I'd seen it in Tom Petty videos, and on tacky postcards. But when I got to Tucson, I never imagined it would be spread out, in all its glory, right in the middle of things. I thought you'd have to drive out into the boonies and pass through some hellish cross-country initiatory journey to get there. Dozens and dozens of dead airplanes just sitting around in the toasty Arizona sun? Acres of bombers, fighters, helicopters, transports, a mothballed air force, the biggest single collection of whizbangs ever assembled could not, I thought, be tucked in among trailer parks and backyard swimming pools. (Have you ever noticed, by the way, how alarmingly similar to the gutted planes the trailers are? Sic transit gloria mundi.)
What happened was, I was living in this old adobe, and there were all these people hanging around, and they were driving me crazy. The guy sleeping on my floor was snuffling like a bison, wanting to boink the redhead next door. I believe they were in the process of ritualized rutting when I charged out at midnight and drove off in my Jeep. A few hours later, I was heading back toward town on I-10, and I decided to take Kolb, just to see what there was to see. I was not yet aware of the fact that driving around streets south of Broadway at three in the morning could leave me with a bullet in my head. Fools drive where angels fear to tread.
So I was driving along, listening to Fields of the Nephilim, feeling a bit creepy with the gothic sounds filling the car, when I looked around me in the gloom. I was surrounded by these...these...these hulks, these giant skeletons, these abandoned sets from Alien. They were dully glowing blue in the moonlight. It scared the hell out of me.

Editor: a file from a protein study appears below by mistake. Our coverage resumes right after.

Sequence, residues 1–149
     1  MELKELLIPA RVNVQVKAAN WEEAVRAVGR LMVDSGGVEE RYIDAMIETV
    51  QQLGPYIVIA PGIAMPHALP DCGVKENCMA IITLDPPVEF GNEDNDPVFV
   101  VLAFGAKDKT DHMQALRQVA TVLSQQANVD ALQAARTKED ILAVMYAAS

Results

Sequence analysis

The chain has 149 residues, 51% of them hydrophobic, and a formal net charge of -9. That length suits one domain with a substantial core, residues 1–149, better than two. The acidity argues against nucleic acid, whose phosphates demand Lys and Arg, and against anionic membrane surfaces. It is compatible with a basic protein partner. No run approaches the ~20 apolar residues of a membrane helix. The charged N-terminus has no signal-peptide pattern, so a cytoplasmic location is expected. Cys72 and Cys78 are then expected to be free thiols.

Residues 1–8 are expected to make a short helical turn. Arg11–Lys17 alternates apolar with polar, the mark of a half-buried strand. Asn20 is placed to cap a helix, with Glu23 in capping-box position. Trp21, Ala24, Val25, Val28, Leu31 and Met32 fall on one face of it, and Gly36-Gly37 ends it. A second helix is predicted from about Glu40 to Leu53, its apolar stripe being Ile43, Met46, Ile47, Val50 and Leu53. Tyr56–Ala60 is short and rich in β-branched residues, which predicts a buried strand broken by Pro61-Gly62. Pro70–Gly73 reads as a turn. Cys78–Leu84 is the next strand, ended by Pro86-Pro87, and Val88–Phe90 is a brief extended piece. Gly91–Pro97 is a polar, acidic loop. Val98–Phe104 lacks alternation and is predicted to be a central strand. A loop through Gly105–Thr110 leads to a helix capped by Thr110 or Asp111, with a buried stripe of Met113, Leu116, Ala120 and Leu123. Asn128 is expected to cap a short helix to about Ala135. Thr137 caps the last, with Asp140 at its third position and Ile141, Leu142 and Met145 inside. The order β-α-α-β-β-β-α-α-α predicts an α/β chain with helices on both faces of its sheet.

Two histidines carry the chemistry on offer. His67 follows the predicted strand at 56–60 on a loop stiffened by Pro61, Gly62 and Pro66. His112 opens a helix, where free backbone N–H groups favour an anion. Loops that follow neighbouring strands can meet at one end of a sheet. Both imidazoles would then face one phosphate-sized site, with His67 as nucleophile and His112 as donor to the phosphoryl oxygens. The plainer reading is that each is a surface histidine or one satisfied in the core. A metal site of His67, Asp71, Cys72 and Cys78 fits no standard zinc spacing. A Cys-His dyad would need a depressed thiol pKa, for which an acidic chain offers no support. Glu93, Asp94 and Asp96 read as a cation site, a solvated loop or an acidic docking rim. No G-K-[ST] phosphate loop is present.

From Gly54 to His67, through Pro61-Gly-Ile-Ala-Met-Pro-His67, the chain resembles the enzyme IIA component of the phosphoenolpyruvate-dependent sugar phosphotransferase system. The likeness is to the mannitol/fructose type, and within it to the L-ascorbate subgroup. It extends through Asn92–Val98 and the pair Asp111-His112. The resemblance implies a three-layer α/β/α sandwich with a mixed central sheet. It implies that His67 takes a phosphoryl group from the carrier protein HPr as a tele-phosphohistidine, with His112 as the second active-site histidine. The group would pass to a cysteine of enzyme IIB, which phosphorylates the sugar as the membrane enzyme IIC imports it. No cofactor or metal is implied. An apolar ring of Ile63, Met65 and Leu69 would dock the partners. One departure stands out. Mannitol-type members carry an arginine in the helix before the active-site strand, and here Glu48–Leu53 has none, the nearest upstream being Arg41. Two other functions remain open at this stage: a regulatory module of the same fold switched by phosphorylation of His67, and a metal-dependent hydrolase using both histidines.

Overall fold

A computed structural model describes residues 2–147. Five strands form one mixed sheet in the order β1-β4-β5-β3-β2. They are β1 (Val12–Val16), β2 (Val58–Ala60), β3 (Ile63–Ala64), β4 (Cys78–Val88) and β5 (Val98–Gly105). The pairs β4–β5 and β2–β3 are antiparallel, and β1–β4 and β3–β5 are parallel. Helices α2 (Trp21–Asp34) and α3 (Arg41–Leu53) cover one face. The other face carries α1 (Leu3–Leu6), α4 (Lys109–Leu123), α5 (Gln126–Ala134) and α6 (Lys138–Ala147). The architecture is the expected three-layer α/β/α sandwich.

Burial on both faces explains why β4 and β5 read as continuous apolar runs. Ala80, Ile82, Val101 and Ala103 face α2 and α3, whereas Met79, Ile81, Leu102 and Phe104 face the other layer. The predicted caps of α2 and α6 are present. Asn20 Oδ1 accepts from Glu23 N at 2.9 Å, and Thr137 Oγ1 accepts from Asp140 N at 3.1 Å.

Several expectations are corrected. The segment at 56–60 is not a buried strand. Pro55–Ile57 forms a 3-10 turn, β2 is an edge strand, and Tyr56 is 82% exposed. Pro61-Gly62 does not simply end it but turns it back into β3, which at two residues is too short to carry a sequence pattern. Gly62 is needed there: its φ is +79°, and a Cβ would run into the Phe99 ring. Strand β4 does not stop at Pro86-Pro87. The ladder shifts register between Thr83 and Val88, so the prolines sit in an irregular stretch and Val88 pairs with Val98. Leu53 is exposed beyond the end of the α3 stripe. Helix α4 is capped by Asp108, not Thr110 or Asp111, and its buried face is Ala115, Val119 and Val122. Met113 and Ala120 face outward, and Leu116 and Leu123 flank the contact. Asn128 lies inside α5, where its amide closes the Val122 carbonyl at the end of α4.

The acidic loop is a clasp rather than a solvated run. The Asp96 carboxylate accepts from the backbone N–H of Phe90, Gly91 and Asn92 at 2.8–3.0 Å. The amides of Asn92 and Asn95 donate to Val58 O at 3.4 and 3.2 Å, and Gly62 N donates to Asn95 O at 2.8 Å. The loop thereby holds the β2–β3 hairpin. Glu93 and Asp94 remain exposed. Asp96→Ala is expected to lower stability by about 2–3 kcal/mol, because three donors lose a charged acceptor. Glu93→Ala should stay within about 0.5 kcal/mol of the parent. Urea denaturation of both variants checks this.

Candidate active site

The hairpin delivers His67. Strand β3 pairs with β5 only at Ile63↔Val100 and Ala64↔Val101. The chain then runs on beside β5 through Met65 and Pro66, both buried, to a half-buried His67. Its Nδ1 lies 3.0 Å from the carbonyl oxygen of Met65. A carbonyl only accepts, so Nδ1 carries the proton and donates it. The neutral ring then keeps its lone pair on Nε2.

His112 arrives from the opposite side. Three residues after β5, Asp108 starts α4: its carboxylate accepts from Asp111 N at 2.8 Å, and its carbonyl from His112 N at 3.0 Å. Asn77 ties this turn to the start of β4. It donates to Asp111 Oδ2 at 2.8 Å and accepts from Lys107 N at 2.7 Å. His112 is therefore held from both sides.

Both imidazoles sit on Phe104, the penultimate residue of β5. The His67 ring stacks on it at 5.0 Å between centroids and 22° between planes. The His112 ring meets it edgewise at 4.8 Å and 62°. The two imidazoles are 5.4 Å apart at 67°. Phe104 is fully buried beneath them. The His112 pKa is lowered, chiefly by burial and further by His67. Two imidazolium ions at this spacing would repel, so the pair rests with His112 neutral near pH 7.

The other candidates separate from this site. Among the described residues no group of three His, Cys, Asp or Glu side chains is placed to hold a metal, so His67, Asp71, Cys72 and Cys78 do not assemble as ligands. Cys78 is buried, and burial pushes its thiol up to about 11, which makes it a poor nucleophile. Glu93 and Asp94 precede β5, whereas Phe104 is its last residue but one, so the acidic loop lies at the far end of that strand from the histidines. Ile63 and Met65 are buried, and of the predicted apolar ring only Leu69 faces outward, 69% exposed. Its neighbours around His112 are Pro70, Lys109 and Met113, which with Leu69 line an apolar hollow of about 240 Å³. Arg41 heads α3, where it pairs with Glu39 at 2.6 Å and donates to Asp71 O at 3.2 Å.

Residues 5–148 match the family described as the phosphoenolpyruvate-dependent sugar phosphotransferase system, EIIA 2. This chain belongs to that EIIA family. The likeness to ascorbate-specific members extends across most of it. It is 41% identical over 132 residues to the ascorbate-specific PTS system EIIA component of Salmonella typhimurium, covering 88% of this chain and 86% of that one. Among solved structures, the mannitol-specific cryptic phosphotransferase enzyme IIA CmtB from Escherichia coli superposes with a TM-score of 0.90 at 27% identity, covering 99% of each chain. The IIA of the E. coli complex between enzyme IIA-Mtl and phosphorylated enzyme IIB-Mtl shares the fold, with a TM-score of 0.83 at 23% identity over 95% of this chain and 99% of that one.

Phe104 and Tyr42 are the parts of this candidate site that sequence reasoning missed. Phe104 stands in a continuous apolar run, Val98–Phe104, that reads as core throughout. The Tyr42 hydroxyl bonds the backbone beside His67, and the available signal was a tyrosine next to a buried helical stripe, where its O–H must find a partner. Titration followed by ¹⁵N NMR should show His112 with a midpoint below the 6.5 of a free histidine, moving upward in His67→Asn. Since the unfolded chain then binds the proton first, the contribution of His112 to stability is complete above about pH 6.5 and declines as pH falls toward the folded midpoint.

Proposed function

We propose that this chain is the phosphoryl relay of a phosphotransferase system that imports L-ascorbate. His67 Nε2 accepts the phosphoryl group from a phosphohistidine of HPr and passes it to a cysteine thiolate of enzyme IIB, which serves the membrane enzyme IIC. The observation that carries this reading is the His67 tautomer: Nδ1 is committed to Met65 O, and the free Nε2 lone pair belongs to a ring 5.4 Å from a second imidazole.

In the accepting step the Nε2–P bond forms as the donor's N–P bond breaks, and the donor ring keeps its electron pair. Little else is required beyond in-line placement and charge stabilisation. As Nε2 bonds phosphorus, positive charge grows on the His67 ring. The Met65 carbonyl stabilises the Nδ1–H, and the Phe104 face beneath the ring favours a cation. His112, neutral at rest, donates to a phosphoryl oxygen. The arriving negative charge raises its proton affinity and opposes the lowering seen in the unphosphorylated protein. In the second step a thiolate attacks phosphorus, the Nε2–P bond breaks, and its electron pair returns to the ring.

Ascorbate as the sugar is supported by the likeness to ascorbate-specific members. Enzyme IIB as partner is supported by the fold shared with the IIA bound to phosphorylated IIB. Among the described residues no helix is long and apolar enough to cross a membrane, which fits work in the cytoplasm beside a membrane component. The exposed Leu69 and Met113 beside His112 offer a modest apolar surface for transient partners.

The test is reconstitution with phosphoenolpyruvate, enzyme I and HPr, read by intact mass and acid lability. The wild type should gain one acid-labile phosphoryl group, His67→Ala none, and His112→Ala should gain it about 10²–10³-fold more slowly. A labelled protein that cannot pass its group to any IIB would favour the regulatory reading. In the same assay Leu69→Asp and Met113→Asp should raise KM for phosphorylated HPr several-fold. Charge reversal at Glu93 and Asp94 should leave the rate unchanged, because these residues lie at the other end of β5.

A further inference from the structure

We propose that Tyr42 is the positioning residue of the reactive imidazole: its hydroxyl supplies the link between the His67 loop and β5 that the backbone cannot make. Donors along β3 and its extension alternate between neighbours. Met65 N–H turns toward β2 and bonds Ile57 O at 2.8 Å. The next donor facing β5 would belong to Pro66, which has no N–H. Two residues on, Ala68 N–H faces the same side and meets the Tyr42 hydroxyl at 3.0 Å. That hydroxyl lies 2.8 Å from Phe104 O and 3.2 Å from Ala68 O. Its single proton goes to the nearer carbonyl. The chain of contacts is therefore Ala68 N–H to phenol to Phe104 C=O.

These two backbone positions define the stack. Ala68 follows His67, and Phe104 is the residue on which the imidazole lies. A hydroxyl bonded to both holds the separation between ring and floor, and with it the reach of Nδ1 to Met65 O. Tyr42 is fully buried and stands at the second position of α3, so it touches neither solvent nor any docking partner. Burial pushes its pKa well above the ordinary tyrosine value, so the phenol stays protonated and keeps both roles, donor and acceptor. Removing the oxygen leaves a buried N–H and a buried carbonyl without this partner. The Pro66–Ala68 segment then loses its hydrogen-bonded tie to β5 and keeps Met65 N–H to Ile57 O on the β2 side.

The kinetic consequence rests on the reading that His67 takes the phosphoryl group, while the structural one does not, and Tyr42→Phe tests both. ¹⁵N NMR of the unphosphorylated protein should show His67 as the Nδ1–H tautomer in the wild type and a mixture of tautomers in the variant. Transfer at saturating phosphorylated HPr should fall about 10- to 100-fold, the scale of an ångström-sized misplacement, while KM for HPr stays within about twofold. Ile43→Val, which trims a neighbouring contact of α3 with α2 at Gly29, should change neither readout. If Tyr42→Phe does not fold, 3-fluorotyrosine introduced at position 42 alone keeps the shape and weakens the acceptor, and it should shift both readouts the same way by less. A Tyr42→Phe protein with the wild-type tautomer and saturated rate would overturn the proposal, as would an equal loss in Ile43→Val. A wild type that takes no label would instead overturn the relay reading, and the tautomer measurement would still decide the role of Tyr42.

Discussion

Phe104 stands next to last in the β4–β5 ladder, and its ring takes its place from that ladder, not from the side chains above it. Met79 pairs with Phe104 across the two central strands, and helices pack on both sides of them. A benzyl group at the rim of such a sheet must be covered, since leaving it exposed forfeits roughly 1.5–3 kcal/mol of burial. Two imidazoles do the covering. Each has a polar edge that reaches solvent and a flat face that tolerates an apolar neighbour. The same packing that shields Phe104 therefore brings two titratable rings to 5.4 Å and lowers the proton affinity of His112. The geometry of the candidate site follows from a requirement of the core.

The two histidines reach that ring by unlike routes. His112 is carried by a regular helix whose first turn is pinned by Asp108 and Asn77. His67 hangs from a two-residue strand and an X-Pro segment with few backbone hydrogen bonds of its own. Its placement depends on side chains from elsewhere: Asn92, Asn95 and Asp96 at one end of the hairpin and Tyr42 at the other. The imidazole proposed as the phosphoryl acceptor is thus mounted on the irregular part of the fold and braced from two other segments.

Of course, I took every visitor thereafter out there to gawk. My friend Bonnie took one look and shook her head. "Boys and their toys," she said. Tom Petty knew a good thing when he saw it. So did I.
Titan Missile Museum
Nearly 50,000 visitors come each year to this decommissioned missile installation, Complex 571-7 on the Pentagon's roster of death-dealing real estate, a stone's throw away from Green Valley. (Yes, it's not quite Tucson, but you can see the place from the rooftop of the La Placita parking garage downtown, so we're annexing it.)
Deactivated on November 11, 1982, the installation is the only place in the United States where an interested traveler can get a close-up look at the weapons that once troubled the sleep of millions of people around the world.
Eighteen such installations--glorified holes in the ground, 146 feet deep, once stuffed full of expensive computer equipment and rocketry--dotted the desert around Tucson during the Cold War's boom years. Built in 1961, this one, called the Copper Penny because of its proximity to the nearby Duval copper mine, is the only one that remains. The others were blown up in 1982, following strategic-arms limitation talks conducted by Ronald Reagan and a succession of Soviet leaders.